Stop Spiders From Crawling Your Site on Shabbat, Including GoogleBot

Sep 9, 2009 • 8:57 am | comments (4) by | Filed Under SEO - Search Engine Optimization

A Google Webmaster Help thread has an interesting discussion around blocking your site from coming up for both visitors and search engine crawlers on Shabbat (the Jewish Saturday). This is not a new topic, we discussed using cloaking for religious Shabbat purposes in the past.

In short, some observant Jews do not want their site to be accessible on Shabbat, which is sundown Friday night, to nightfall Saturday night. The issue on the SEO front is if you turn off your site, then what happens to the search engine crawlers? Do they get 404 pages and drop your site from the search index?

Phil Payne posted an answer to how one can handle this, which Googler JohnMu said was a good answer. Phil said:

Yes - a 503 is the correct server response for "We're closed". If you substitute a normal HTML page saying "We're closed" and serve a 200 it's very likely to get indexed by Google.

If you give the Googlebot a 503, it will just go away and come back later without indexing what you give it.

For humans, you can serve a custom 503 page that explains the situation. Are there no other Orthodox sites you can ask, to see how they do it?

Now, Friday night here, is not the same as Friday night by you. So detecting the location of a visitor is key here. There are services like Saturday Guard that do this for you, but I am not sure how they handle search bots.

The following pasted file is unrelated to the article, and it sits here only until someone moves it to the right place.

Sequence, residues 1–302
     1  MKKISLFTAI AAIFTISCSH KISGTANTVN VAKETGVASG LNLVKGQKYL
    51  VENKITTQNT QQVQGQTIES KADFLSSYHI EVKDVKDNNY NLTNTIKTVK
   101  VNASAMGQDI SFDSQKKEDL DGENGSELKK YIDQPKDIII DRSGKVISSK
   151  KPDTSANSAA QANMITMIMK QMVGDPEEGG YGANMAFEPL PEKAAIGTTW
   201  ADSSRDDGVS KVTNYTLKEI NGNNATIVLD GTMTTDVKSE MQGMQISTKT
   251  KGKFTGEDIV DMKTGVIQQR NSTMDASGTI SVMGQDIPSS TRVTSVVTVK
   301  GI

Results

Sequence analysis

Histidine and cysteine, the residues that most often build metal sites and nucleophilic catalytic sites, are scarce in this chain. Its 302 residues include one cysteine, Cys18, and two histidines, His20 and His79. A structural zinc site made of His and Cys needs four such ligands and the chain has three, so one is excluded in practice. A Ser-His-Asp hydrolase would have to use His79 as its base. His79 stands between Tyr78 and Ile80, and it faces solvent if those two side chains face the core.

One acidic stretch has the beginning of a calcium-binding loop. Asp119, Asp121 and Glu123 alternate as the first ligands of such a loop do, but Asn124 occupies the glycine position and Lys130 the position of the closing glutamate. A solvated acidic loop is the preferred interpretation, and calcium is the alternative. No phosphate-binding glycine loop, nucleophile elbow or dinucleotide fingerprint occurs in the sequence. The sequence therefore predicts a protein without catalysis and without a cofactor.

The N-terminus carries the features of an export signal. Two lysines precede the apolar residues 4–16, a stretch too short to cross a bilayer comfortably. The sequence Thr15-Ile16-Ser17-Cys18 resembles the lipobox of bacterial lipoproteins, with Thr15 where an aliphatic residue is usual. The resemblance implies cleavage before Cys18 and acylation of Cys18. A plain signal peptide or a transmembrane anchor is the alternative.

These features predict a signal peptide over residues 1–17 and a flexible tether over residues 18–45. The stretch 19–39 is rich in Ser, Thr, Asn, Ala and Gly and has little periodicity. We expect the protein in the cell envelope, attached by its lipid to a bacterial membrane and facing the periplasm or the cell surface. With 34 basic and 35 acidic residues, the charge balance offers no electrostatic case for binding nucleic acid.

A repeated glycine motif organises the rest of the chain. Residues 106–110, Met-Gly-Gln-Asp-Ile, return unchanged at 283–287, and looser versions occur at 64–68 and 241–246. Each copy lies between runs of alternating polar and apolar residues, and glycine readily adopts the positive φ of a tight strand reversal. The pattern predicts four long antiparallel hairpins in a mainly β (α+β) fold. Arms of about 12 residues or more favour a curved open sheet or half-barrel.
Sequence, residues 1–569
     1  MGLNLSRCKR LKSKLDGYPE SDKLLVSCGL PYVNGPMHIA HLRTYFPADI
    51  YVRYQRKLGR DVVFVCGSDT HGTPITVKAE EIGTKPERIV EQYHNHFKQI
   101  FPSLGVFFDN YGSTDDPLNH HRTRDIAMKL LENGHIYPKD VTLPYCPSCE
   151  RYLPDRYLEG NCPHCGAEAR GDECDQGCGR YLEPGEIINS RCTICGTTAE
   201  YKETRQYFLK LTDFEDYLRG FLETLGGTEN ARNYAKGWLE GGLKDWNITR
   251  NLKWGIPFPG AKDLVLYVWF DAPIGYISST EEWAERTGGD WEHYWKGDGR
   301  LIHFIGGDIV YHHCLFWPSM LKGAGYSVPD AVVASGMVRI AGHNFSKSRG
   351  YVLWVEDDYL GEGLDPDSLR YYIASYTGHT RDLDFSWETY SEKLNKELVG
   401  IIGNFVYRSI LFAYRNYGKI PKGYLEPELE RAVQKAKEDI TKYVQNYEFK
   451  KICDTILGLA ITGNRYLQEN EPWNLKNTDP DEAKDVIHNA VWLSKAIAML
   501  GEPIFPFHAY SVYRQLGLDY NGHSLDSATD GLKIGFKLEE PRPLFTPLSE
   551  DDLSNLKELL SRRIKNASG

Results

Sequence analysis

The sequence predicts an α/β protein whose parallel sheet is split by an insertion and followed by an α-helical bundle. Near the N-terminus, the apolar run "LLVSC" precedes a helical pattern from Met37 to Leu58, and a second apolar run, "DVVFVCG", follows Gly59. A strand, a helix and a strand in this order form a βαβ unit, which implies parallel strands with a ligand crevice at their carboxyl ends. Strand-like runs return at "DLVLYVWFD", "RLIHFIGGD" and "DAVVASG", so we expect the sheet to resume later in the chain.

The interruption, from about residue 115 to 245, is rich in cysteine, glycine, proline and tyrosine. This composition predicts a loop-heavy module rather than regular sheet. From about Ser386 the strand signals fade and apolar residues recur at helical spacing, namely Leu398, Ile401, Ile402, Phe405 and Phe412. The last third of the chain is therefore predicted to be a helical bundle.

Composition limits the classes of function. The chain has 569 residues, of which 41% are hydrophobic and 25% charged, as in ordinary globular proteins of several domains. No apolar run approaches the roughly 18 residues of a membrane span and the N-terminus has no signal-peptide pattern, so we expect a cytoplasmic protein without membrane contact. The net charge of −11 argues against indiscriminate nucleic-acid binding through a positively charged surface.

Technically, the issue, as far as I understand it (I am not a Rabbi, but I am an observant Jew) is that they do not want to earn money on Shabbat or Jewish holidays. Some hold that since the money doesn't transfer from the merchant account to the bank that day, then there is no money being earned technically that day. But some do not hold that way or some want to be extra careful. If it is a matter of money, then just turn off the "add to cart" and shopping cart features for the site.

If they do not want any activity on their site by potential customers, then I guess a 503 is a good answer. But are search engine bots customers? No. I suspect, most Rabbis would be okay with spiders or automated crawlers using the site on Shabbat. The issue then is, are you allowed to serve up a 503 page to a visitor and not to a crawler - that might be against Google's terms of service and fall within the bad cloaking policies.

If the issue is about the server actually working on Shabbat. Then a 503 cannot really be served up at all, because you would technically need to power down the server and without a server to send the 503 response code - then you got nothing.

This is a complex issue that I personally never had to deal with on sites that we have built. But it would be interesting to see what to do in the case of turning off a web server. There isn't much Google can do here.

Forum discussion at Google Webmaster Help.

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